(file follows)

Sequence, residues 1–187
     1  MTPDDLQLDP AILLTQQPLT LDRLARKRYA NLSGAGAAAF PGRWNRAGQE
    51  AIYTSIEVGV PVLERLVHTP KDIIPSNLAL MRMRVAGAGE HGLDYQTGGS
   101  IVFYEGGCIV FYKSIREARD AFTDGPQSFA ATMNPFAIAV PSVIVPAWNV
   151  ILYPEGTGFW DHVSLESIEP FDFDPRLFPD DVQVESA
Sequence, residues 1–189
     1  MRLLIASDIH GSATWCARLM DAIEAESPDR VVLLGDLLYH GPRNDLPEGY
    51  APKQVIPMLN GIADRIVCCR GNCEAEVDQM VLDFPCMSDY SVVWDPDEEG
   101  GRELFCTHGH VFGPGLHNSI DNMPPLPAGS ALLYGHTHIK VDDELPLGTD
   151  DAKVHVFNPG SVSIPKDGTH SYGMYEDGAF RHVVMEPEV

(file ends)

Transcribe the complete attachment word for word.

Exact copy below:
Sequence, residues 1–187
     1  MTPDDLQLDP AILLTQQPLT LDRLARKRYA NLSGAGAAAF PGRWNRAGQE
    51  AIYTSIEVGV PVLERLVHTP KDIIPSNLAL MRMRVAGAGE HGLDYQTGGS
   101  IVFYEGGCIV FYKSIREARD AFTDGPQSFA ATMNPFAIAV PSVIVPAWNV
   151  ILYPEGTGFW DHVSLESIEP FDFDPRLFPD DVQVESA
Sequence, residues 1–189
     1  MRLLIASDIH GSATWCARLM DAIEAESPDR VVLLGDLLYH GPRNDLPEGY
    51  APKQVIPMLN GIADRIVCCR GNCEAEVDQM VLDFPCMSDY SVVWDPDEEG
   101  GRELFCTHGH VFGPGLHNSI DNMPPLPAGS ALLYGHTHIK VDDELPLGTD
   151  DAKVHVFNPG SVSIPKDGTH SYGMYEDGAF RHVVMEPEV